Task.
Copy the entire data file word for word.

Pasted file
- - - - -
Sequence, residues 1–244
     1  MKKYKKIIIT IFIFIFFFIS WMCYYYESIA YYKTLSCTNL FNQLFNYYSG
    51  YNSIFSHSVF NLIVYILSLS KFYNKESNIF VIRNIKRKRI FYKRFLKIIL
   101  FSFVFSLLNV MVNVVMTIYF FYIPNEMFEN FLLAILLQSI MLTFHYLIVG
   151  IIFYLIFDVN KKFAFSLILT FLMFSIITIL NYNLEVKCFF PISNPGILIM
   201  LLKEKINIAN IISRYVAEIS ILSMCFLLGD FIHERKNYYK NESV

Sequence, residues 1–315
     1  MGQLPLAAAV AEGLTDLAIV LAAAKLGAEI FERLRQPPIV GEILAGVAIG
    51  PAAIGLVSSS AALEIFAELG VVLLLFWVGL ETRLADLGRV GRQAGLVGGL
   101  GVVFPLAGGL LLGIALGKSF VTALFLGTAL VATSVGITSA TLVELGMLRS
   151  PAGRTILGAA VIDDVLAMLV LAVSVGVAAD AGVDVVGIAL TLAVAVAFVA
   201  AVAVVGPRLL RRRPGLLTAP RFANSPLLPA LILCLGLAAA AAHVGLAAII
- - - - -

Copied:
Sequence, residues 1–244
     1  MKKYKKIIIT IFIFIFFFIS WMCYYYESIA YYKTLSCTNL FNQLFNYYSG
    51  YNSIFSHSVF NLIVYILSLS KFYNKESNIF VIRNIKRKRI FYKRFLKIIL
   101  FSFVFSLLNV MVNVVMTIYF FYIPNEMFEN FLLAILLQSI MLTFHYLIVG
   151  IIFYLIFDVN KKFAFSLILT FLMFSIITIL NYNLEVKCFF PISNPGILIM
   201  LLKEKINIAN IISRYVAEIS ILSMCFLLGD FIHERKNYYK NESV

Sequence, residues 1–315
     1  MGQLPLAAAV AEGLTDLAIV LAAAKLGAEI FERLRQPPIV GEILAGVAIG
    51  PAAIGLVSSS AALEIFAELG VVLLLFWVGL ETRLADLGRV GRQAGLVGGL
   101  GVVFPLAGGL LLGIALGKSF VTALFLGTAL VATSVGITSA TLVELGMLRS
   151  PAGRTILGAA VIDDVLAMLV LAVSVGVAAD AGVDVVGIAL TLAVAVAFVA
   201  AVAVVGPRLL RRRPGLLTAP RFANSPLLPA LILCLGLAAA AAHVGLAAII